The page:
Multiple reports have trumpeted the idea that millennials are having less sex than preceding generations. That might be so, but federal, state and local data show that young people sure are trading sexually transmitted diseases at increasing rates.
The U.S. Centers for Disease Control this week noted that the entire nation has experienced “jumps” in STD rates that “are part of a years-long trend.” “Chlamydia predominates among young women,” according to a CDC statement.
Nationally, the CDC last year recorded a 314 percent rise in syphilis since its historic low in 2001 and a 48 percent rise in gonorrhea since its nadir in 2009. “Half of all new STD infections each year strike people between 15 and 24 years old,” according to the CDC.
Professor Brad Wilcox, director of the National Marriage Project at the University of Virginia, called the discrepancy between low sex rates and high STD rates among millennials “a bit of a mystery,” according to the CDC.
Los Angeles last year saw a 4 percent annual increase in chlamydia, a 27 percent increase in gonorrhea, a 16 percent rise in syphilis and a 61 percent increase in congenital syphilis, which is the spread of the disease to the unborn, according to recently released data.
“The majority of chlamydia cases occur among young women and men (less than 24 years), and disproportionately impact African-American and Latino youth,” according to a statement from the L.A. County Department of Public Health. “Nearly 75 percent of female gonorrhea cases are among 15- to 29-year-olds.”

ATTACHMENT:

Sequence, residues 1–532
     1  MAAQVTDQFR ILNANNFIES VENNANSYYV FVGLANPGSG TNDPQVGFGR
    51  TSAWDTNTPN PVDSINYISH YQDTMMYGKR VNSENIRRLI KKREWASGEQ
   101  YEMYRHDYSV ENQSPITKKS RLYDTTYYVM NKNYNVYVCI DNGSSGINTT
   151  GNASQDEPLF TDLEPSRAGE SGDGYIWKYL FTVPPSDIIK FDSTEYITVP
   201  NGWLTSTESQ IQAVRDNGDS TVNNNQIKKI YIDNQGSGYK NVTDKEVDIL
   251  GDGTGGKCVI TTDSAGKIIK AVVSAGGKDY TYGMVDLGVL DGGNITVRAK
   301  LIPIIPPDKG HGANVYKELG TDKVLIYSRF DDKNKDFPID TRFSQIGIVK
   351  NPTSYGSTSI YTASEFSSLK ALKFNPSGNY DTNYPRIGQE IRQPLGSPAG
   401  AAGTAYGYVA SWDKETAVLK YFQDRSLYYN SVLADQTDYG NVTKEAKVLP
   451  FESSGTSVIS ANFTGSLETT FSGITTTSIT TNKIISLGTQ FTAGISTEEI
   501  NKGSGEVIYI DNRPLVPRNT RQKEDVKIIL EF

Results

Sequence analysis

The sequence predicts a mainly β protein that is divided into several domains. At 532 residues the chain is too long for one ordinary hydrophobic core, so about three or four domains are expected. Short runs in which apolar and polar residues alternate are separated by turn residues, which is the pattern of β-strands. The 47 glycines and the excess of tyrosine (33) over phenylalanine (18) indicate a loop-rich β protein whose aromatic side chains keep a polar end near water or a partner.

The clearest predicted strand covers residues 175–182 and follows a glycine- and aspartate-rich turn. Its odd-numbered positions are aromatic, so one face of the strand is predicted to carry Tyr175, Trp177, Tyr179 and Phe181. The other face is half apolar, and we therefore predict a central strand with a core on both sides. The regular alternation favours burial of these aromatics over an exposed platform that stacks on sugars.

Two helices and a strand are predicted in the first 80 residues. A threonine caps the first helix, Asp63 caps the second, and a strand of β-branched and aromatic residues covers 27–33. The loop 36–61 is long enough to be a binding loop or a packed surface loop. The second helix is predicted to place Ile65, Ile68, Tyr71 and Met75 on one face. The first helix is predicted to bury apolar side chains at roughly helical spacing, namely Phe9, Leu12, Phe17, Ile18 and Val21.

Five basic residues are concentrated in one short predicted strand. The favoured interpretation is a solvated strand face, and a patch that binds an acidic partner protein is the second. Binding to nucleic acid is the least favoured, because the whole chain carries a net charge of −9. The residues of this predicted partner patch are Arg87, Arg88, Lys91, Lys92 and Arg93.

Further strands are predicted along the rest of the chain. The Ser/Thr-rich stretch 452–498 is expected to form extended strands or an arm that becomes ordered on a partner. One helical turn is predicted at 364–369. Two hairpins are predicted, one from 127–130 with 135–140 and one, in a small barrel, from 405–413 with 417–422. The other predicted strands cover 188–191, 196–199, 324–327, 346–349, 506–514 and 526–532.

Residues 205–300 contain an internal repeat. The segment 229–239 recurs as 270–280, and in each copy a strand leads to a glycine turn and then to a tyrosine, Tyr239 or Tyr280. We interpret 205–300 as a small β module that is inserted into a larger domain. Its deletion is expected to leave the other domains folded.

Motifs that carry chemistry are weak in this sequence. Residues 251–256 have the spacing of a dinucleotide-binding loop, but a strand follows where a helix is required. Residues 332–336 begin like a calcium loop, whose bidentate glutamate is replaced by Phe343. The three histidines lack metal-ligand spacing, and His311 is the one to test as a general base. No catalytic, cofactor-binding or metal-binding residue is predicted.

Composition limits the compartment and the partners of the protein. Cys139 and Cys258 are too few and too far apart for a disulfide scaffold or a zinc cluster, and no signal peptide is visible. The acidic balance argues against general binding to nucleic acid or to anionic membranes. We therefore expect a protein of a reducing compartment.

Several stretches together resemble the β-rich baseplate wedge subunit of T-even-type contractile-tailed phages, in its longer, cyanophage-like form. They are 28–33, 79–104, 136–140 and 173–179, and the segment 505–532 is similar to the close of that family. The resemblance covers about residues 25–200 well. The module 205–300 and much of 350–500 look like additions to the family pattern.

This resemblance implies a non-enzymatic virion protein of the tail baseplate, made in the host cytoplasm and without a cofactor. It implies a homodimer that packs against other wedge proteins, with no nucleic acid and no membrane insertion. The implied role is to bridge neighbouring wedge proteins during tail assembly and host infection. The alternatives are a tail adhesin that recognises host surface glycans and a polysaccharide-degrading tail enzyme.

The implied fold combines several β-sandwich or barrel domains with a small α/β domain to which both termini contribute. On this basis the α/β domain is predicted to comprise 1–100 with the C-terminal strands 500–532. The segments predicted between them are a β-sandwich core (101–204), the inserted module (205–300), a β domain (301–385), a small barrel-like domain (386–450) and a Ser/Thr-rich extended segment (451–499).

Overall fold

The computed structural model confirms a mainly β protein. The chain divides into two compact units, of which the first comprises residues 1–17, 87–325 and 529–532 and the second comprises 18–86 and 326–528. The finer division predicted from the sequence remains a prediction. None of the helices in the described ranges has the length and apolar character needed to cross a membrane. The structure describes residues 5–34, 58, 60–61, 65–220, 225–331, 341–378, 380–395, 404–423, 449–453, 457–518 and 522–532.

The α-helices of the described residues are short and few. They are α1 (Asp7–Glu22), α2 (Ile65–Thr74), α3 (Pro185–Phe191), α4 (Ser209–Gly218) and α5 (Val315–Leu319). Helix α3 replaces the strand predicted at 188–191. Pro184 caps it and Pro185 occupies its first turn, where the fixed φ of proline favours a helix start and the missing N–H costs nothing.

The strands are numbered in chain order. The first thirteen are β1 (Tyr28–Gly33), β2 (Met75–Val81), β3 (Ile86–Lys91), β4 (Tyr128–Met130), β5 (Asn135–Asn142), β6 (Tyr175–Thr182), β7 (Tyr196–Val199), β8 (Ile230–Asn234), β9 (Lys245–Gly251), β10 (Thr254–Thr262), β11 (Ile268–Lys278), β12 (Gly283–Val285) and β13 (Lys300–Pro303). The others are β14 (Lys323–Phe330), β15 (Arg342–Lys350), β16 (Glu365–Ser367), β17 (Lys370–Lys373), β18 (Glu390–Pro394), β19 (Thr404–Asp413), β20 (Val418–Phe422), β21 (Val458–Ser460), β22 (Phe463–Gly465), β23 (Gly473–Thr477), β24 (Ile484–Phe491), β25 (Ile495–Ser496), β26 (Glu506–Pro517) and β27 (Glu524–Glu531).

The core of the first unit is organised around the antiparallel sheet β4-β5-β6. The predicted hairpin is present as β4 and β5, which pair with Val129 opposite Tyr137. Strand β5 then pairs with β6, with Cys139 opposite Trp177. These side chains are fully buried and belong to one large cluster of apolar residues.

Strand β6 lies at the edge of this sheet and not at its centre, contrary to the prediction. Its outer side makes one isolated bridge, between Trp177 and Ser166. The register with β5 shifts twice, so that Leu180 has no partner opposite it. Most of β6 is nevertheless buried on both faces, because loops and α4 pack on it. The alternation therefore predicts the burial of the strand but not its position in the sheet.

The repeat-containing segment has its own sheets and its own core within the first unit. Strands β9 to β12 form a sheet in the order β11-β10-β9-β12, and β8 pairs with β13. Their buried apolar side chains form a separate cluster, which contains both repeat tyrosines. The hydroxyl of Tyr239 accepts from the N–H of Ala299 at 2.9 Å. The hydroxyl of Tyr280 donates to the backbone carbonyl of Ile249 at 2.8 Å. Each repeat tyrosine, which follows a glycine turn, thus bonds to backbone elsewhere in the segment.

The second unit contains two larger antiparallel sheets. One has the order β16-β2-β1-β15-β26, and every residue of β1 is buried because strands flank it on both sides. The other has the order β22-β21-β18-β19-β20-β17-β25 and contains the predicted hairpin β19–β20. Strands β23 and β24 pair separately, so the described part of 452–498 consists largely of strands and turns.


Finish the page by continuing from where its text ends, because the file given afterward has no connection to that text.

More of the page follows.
A majority of syphilis cases involve man-to-man sex, the department states.
Dennis Paradise, founder of Southern California–based Paradise Marketing, which works with top condom makers including Trojan, Lifestyles and Durex, says that the STD increase is a reflection of the ease with which the morning-after pill can be obtained. In 2013, the U.S. Food and Drug Administration approved its use without a prescription or age limits.
“The Plan B pill moved from behind the counter to over the counter,” Paradise says. “At that time, a lot people who were condom users said a girl will just take the pill tomorrow — we don't have to worry about pregnancy. At that period of time, condom sales dropped and STD rates started to rise.”
A 2015 research paper in the journal Health Economics backs up his theory. “Providing individuals with over-the-counter access to EBC [emergency birth control] leads to increased STD rates,” according to a summary.
In fact, Paradise says STD rates out there are worse than what has been noted by the CDC and the L.A. County Department of Public Health because so many folks don't report them to their doctors. “Part of the problem is you don't necessarily have a reliable count,” he says.
Fred Wyand, director of the American Sexual Health Association, told the Centers for Disease Control that federal budget squeezes are part of the problem, too. “Tighter budgets mean public health programs dedicated to prevention and treatment must continually do more with less,” he said in a statement. “This certainly impacts STD rates.”
Paradise says that a renewed public awareness program is in order. The late 1980s and the 1990s were awash in safe-sex campaigns and warnings that HIV kills. Now that HIV isn't so lethal, young people are becoming apathetic about their sexual behavior, Paradise says.
L.A. County officials say they'll increase access to testing, reduce barriers to treatment and continue to “increase community awareness,” according to a statement.
“The first solution is better and more effective education and communication to the sexually active population,” Paradise says. “They have to understand that the risk is real and it's not going to go away.”
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